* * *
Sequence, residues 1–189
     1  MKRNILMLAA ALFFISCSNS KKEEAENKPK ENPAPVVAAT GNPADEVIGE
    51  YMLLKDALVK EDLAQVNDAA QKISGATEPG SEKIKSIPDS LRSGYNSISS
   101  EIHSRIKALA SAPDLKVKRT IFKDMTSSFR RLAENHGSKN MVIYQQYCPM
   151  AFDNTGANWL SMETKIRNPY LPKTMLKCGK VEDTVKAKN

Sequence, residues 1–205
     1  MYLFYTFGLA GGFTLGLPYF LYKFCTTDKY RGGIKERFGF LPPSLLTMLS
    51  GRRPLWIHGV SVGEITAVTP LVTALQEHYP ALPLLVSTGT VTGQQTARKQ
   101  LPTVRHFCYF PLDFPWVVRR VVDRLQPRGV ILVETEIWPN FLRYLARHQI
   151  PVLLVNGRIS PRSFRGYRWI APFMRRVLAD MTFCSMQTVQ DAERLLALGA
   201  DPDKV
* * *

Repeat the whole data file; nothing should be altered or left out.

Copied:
Sequence, residues 1–189
     1  MKRNILMLAA ALFFISCSNS KKEEAENKPK ENPAPVVAAT GNPADEVIGE
    51  YMLLKDALVK EDLAQVNDAA QKISGATEPG SEKIKSIPDS LRSGYNSISS
   101  EIHSRIKALA SAPDLKVKRT IFKDMTSSFR RLAENHGSKN MVIYQQYCPM
   151  AFDNTGANWL SMETKIRNPY LPKTMLKCGK VEDTVKAKN

Sequence, residues 1–205
     1  MYLFYTFGLA GGFTLGLPYF LYKFCTTDKY RGGIKERFGF LPPSLLTMLS
    51  GRRPLWIHGV SVGEITAVTP LVTALQEHYP ALPLLVSTGT VTGQQTARKQ
   101  LPTVRHFCYF PLDFPWVVRR VVDRLQPRGV ILVETEIWPN FLRYLARHQI
   151  PVLLVNGRIS PRSFRGYRWI APFMRRVLAD MTFCSMQTVQ DAERLLALGA
   201  DPDKV